|Indices||Week||YTD||GSV 300||-5.10%||-8.70%||S&P 500||-9.90%||-2.80%||Dow||-8.90%||-2.50%||NASDAQ||-11.30%||0.10%||Russell 2000||-13.60%||-8.10%||MSCI||-||-|
|Valuations||P/E Fwd||P/E/G||GSV 300||23.6x||0.4x||S&P 500||18.1x||1.2x|
|I-Rates||Now||YTD||10-Year Note||2.40%||0.80%||3-Month Bill||2.90%||107.90%|
|Mutual Funds||-||Week||Fund Flows (bil)||-||-$45.20|
Doctors and Scientists said that breaking the Four-Minute Mile was impossible and one would die in the attempt. Thus when I got up from the track after collapsing at the finish line, I figured I was dead.
— Roger Bannister (May 6, 1954)
On a rainy, cool evening in 1954, Roger Bannister, a lanky British medical student, ran a mile in 3:59, shattering experts’ views that a sub four-minute mile was beyond human capability. The previous record of 4:01 had stood for decades, and despite advancements in training and thousands of attempts, nobody had come close to running a mile in under four minutes. The best part of the story, however, isn’t that Bannister cracked the barrier, but that just 46 days after he did, another runner, John Landy, beat Bannister’s time. Within a few years, dozens of runners had notched sub four-minute miles. Today, the record stands at 3:43 and even high school runners have routinely beat the once impossible four-minute mark.
The distance didn’t change. The mindset did.
In this spirit, GSV hosted the second annual Pioneer Summit at GSVlabs in Silicon Valley last week. The Summit’s mission is to accelerate transformative ideas by bringing together visionary founders, investors, and leaders who revel in “defying gravity” and changing the world for good. This year we welcomed over 1,700 attendees and 125+ companies that have raised more than $5 billion.
Click HERE to watch my opening remarks at the Pioneer Summit, which explores the five key “Gravitational Shifts” defining the emerging Global Silicon Valley)
Exponential Ideas: 2016 GSV Pioneer Summit Speakers
The focus of the 2016 Pioneer Summit was on “Industries of the Future.” Key themes included Exponential Machines, Human Renaissance, Commerce Reimagined, a Sustainable World, and Moonshot Startups. The common thread is game-changing entrepreneurs who are defying gravity.
No speaker better embodied this mindset than our closing keynote, Nikesh Arora. The former President of Softbank and Chief Business Officer of Google mused about a future where shopping malls laid to waste by mobile commerce become homes for self-driving cars, maintained by fleets of robots…and much more.
2016 GLOBAL SILICON VALLEY HALL OF FAME
Central to the Pioneer Summit — and the GSV community more broadly — is celebrating the leaders who have inspired generations of innovators and dreamers. That’s why we launched the Global Silicon Valley Hall of Fame at the inaugural Pioneer Summit in 2015, honoring Bill Campbell, Larry Sonsini, Diane Greene, Dick Kramlich, and Mike Homer (posthumously).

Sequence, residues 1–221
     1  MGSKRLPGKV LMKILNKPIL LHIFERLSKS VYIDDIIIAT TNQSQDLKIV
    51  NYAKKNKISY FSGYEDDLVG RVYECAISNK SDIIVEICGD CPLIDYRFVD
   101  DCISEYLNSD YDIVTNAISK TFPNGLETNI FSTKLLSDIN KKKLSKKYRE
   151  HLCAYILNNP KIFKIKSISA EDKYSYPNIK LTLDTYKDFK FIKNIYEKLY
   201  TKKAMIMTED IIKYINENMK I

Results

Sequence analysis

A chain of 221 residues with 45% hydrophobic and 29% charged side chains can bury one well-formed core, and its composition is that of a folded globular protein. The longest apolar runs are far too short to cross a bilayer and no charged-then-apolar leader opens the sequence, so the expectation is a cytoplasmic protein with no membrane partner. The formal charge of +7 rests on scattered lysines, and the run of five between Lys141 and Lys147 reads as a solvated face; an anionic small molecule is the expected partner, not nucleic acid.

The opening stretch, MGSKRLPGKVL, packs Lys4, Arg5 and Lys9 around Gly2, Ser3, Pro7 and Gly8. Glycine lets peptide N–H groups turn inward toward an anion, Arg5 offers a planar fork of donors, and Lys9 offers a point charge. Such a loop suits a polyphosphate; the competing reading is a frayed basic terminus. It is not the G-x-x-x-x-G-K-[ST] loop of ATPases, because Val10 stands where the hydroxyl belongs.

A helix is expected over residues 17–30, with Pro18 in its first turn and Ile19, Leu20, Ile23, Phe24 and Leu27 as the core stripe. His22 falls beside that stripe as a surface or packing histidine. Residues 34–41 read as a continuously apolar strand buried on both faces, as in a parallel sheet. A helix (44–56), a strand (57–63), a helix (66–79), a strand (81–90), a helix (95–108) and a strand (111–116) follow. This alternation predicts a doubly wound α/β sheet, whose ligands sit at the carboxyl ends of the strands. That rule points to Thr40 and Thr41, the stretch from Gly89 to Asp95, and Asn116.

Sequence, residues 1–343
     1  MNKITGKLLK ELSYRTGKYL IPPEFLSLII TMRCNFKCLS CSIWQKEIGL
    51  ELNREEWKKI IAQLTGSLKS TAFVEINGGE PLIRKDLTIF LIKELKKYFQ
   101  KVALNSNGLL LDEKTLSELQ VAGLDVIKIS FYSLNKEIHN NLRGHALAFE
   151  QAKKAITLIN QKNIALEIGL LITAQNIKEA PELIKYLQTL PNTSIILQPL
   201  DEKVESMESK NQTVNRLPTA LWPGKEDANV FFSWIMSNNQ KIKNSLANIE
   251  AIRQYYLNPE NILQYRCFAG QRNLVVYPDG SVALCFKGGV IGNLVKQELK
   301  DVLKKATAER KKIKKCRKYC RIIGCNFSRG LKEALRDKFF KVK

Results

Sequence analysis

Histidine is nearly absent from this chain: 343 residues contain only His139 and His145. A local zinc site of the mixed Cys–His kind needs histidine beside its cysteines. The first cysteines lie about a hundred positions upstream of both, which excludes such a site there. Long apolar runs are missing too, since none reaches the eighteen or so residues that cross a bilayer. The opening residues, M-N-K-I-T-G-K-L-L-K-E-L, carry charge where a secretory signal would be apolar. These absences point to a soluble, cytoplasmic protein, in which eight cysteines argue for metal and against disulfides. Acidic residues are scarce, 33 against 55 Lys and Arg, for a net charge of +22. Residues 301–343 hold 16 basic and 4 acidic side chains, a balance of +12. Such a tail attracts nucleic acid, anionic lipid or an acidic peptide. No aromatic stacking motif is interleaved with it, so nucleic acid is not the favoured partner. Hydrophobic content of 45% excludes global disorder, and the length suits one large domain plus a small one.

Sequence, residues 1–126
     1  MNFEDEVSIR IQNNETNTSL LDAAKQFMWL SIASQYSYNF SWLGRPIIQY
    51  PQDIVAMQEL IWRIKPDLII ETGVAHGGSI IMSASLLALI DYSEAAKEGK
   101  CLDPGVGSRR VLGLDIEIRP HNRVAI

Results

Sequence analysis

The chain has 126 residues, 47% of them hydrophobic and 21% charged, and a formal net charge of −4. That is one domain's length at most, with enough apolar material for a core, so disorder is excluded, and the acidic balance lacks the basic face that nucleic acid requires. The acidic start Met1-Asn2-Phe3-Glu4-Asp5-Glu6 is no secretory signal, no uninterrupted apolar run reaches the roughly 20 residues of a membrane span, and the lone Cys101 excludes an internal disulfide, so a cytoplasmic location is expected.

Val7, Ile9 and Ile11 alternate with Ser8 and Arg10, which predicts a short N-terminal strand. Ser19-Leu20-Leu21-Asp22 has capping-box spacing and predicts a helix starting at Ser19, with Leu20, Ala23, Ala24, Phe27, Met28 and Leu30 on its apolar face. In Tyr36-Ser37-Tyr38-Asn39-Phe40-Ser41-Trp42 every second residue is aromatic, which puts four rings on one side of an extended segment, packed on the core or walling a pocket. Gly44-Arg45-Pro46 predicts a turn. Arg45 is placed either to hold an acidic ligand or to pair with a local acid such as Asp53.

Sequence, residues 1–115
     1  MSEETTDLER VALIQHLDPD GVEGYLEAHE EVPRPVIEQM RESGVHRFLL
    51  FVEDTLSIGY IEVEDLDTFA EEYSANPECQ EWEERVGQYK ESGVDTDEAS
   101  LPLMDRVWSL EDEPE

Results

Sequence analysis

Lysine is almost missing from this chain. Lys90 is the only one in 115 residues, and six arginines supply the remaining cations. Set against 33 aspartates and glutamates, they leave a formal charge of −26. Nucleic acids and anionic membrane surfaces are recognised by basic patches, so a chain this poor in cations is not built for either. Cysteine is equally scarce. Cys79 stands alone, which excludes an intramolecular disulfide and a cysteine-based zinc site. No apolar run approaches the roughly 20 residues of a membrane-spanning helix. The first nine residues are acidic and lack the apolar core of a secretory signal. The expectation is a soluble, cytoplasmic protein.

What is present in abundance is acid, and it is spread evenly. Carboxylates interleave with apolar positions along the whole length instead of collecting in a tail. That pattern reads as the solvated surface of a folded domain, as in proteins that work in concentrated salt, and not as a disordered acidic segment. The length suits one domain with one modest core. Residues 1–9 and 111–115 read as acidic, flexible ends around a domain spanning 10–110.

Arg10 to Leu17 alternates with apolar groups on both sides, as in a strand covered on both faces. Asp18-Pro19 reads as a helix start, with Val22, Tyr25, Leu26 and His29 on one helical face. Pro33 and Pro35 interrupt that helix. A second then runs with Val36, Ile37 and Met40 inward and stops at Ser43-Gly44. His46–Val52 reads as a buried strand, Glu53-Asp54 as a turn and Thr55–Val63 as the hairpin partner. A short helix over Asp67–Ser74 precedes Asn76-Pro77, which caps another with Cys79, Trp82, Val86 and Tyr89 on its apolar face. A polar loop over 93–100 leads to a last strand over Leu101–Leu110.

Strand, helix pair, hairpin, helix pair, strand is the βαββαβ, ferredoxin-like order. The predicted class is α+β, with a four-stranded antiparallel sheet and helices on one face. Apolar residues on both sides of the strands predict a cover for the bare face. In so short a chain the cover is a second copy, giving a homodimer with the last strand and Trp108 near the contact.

This year, we inducted our second class of GSV Hall of Famers — Gordy Davidson, Carol Bartz, Ken Coleman, and Andy Grove (posthumously) — a unique group of pioneers who have created, led, and advised some of the most important technology companies in the World. Their vision and impact is remarkable. Just listen to their peers, a group of luminaries from the Global Silicon Valley: Click HERE to watch the 2016 GSV Hall of Frame tribute video.
Before there was a Sheryl Sandberg or Susan Wojcicki, there was Carol Bartz. Carol served at the helm of two high-profile tech companies, Autodesk and Yahoo!, in addition to serving on the boards of numerous corporations, including Cisco. Carol turned Autodesk into the company that it is today. During her time as the CEO, annual revenue rose from $300 million to $1.5 billion.
Carol began her corporate career at 3M where she flourished amidst gender discrimination in a male-dominated workplace. After four years, Carol left 3M and rose to Silicon Valley stardom, first at Digital Equipment Corp, then at Sun Microsystems. Soon Autodesk came knocking and Carol began her 14-year tenure as CEO, transforming the company into the profitable, software leader it is today. After Autodesk, Carol was given the daunting task of taking over internet giant Yahoo! from its founder Jerry Yang in 2009. She served as CEO of Yahoo! until 2011. Carol is married to Bill Marr, a former executive at Data General and Sun Microsystems. They have three children: Bill, Meredith, and Layne.
Ken Coleman has long been a trailblazer in the Valley. Despite working in an industry notorious for being dominated by white male executives, Ken has held some of the most senior positions in Silicon Valley. He was notably the Executive Vice President of Sales, Service and Marketing of Silicon Graphics (where he hired Ben Horowitz as an intern), and is perhaps the most influential major African American leader in Silicon Valley.